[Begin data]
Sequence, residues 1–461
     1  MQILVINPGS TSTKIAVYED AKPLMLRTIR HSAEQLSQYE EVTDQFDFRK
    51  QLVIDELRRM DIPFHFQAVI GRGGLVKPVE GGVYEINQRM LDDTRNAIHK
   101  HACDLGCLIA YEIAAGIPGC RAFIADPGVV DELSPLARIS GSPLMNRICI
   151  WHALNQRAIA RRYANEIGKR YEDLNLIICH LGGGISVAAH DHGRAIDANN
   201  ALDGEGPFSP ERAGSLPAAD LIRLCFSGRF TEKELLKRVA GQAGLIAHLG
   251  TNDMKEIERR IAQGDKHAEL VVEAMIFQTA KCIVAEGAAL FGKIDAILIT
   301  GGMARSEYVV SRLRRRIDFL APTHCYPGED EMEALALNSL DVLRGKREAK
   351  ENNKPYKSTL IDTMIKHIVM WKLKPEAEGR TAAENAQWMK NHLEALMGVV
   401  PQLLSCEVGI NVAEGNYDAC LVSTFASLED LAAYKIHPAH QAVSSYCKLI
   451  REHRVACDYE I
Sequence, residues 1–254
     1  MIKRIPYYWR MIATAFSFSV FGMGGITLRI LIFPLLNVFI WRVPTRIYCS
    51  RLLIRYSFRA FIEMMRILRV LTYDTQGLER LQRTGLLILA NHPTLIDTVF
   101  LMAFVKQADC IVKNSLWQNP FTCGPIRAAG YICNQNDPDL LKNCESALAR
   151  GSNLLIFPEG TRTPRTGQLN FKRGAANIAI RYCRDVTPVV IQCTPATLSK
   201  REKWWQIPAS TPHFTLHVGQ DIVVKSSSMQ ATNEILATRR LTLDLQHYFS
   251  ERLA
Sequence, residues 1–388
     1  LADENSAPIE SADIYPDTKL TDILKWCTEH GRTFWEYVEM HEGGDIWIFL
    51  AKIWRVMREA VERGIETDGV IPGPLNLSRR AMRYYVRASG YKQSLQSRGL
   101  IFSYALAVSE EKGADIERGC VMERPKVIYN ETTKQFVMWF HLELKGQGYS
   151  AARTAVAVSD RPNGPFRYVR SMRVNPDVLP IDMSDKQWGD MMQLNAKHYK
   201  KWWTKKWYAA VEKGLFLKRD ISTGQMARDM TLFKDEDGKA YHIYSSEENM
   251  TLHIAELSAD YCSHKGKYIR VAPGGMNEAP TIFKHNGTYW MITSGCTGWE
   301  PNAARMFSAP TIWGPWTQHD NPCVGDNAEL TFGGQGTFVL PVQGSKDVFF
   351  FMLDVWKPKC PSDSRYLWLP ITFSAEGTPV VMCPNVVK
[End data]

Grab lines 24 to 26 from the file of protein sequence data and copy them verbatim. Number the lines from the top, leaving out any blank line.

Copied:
   201  KWWTKKWYAA VEKGLFLKRD ISTGQMARDM TLFKDEDGKA YHIYSSEENM
   251  TLHIAELSAD YCSHKGKYIR VAPGGMNEAP TIFKHNGTYW MITSGCTGWE
   301  PNAARMFSAP TIWGPWTQHD NPCVGDNAEL TFGGQGTFVL PVQGSKDVFF